Rorate Caeli

The Pope to Chinese Catholics

Today, May 24, liturgical memorial of the Blessed Virgin Mary, Help of Christians -- who is venerated with great devotion at the shrine of Sheshan in Shanghai -- we celebrate the Day of Prayer for the Church in China. My thoughts turn to all the people of China. In particular I greet the Catholics of China with great affection and I exhort them to renew on this day their communion of faith in Christ and of fidelity to the Successor of Peter. May our common prayer obtain an effusion of gifts of the Holy Spirit, so that unity of all Christians, the catholicity and the universality of the Church always will be deeper and more visible.

Benedict XVI
May 24, 2009

Please refer also to our earlier post on the Compendium of the Pope's 2007 Letter to Chinese Catholics. Picture comes from the New Liturgical Movement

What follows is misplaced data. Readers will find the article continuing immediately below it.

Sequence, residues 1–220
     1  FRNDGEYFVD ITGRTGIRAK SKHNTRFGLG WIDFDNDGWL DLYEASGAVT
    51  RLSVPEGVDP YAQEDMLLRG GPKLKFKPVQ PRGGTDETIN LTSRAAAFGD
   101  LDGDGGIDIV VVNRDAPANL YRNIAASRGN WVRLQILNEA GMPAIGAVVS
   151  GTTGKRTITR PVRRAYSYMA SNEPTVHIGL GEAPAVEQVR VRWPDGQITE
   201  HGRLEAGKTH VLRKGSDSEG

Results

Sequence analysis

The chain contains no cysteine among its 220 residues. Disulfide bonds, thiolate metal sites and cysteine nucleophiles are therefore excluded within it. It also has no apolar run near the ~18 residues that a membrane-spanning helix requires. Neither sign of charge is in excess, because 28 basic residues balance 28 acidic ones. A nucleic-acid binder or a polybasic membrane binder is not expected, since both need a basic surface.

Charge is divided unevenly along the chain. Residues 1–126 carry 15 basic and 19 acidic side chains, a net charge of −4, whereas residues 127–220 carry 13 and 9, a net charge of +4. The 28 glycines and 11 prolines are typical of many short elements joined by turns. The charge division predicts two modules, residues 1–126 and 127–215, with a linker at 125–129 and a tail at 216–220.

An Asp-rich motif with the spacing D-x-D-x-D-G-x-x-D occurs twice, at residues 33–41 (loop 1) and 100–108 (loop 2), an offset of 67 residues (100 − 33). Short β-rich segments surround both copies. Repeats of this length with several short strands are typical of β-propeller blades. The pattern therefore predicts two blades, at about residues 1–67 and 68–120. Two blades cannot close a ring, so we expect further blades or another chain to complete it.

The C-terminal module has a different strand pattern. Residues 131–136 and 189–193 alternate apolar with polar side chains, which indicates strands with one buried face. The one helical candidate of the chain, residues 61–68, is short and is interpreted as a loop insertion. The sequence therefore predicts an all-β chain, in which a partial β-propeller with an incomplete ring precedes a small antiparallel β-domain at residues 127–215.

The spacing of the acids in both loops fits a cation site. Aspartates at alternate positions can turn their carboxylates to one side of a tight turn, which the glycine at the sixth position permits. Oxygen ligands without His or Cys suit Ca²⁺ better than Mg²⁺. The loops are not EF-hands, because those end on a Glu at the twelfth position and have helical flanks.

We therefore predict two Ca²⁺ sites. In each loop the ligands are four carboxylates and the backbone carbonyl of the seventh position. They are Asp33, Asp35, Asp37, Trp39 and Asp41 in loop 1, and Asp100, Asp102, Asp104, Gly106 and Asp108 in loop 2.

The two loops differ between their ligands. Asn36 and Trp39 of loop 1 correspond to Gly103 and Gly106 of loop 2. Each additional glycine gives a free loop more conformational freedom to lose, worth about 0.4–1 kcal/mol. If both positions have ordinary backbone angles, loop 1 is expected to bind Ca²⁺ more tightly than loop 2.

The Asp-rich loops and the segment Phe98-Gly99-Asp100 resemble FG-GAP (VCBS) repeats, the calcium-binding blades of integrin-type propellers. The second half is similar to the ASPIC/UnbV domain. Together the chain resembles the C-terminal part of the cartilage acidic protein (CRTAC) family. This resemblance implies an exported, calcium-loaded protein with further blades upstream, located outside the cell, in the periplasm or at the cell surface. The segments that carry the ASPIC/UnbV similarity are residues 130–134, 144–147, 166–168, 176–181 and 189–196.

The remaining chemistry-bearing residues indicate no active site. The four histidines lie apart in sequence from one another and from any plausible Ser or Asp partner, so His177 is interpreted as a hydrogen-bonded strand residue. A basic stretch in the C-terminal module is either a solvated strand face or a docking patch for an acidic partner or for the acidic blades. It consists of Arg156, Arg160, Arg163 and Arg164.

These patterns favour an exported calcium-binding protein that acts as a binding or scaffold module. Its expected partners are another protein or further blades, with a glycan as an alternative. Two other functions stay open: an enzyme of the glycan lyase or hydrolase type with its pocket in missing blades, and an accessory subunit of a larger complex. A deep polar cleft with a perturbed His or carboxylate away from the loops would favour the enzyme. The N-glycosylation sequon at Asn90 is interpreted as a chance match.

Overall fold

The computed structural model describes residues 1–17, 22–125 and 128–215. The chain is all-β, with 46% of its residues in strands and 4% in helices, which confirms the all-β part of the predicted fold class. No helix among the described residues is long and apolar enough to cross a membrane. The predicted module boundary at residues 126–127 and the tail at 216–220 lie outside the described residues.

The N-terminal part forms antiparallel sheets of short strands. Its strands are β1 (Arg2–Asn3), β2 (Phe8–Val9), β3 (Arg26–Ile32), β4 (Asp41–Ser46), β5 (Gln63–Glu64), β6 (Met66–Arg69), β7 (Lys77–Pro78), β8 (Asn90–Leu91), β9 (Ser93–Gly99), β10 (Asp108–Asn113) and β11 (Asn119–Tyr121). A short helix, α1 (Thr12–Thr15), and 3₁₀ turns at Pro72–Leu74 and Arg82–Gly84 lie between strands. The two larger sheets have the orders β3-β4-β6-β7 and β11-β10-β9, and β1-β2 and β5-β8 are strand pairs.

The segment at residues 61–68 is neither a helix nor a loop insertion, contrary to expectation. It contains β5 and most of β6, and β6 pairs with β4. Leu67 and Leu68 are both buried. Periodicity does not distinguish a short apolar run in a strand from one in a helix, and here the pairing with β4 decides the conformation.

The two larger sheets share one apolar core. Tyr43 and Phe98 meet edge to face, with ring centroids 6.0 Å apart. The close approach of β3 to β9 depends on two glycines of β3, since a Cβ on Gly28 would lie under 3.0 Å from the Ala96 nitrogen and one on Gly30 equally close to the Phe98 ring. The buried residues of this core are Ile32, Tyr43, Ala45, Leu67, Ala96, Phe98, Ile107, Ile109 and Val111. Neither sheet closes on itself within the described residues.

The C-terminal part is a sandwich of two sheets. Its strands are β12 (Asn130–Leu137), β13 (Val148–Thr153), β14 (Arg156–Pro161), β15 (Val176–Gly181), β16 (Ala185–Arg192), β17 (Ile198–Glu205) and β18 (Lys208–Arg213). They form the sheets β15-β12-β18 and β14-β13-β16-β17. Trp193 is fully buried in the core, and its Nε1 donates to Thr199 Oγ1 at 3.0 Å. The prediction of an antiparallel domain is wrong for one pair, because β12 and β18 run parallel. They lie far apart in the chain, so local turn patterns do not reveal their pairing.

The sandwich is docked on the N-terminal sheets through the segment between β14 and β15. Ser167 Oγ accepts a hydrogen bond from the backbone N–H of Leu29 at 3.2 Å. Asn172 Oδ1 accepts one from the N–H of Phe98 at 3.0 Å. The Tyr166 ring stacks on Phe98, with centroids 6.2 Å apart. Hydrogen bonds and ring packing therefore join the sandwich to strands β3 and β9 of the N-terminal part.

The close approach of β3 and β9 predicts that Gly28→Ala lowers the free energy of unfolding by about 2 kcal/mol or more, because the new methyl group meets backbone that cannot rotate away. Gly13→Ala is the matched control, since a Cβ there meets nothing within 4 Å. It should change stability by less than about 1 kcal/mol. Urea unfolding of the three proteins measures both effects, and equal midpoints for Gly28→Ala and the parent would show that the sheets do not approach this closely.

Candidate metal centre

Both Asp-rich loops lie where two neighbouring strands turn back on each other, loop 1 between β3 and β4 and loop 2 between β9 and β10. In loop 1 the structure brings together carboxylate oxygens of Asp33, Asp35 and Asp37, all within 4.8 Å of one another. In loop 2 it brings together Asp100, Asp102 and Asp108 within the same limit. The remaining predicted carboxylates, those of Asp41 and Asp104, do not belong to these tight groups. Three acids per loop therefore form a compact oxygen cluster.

1. Anonymous5:25 PM

    This subject is crucial. Nevertheless, I alert bloggers here to the possibility of a statement regarding the TAC this week. Thursday is the Feast of St. Augustine of Canterbury in the Traditional Rite. He landed in England in 604 to evangelise England (except for the Celtic Church, which was already there). Wednesday is his feastday in the New calendar, and I've just found out that the Anglican calendar celebrates him on Tuesday! This sort of disunity is exactly what needs to be overcome, although I am sure that they will be allowed to keep their own calendar. But it speaks symbolically to a history of division. I think that Benedict XVI would like to end that.


  2. Anonymous5:49 PM

    His Holiness writes this:

    "Today, May 24, liturgical memorial of the Blessed Virgin Mary, Help of Christians -- who is venerated with great devotion at the shrine of Sheshan in Shanghai -- we celebrate the Day of Prayer for the Church in China."

    As I have remarked before, this Pope loves significant dates. The lifting of the excommunicaitons came during the Octave of Unity established by his namesake and favourite modern Pope, Benedict XV. S.P. came on the numerically memorable date of 7-7-07.

    So I'd pray for something regarding the TAC during this week, on which is celebrated the Feast of St. Augustine of Canterbury both by us and by the Anglicans. I realise that this is only a possibility but it's something to pray for.


  3. Anonymous8:33 PM